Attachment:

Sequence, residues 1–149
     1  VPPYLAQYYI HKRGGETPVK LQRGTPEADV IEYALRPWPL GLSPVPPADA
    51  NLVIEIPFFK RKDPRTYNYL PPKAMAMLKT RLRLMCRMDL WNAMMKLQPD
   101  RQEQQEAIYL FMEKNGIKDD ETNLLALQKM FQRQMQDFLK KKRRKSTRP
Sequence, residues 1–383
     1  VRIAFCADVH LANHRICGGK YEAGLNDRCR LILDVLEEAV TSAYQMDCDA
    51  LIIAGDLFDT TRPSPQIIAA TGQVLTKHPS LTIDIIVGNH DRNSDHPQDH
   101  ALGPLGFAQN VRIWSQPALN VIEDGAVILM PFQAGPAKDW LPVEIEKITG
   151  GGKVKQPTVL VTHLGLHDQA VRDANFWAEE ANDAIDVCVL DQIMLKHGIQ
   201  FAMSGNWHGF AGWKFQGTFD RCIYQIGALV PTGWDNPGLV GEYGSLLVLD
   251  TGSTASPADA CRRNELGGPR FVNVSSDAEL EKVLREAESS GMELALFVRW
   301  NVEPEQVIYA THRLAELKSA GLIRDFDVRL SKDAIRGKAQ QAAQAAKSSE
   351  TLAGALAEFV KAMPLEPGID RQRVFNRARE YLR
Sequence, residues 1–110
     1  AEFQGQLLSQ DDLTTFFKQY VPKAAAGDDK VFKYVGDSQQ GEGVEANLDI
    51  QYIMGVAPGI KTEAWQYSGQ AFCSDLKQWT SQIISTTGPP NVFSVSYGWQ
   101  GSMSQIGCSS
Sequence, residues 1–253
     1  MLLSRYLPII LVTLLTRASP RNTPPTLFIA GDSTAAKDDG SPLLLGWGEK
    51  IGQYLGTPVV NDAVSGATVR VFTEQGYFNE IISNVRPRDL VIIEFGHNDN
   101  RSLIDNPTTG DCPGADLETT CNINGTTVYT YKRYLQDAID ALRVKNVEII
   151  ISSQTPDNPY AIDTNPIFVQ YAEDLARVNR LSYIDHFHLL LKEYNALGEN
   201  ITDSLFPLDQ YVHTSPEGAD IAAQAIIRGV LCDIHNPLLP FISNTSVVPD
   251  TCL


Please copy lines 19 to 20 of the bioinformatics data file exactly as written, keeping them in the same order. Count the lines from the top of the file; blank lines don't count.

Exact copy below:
     1  MLLSRYLPII LVTLLTRASP RNTPPTLFIA GDSTAAKDDG SPLLLGWGEK
    51  IGQYLGTPVV NDAVSGATVR VFTEQGYFNE IISNVRPRDL VIIEFGHNDN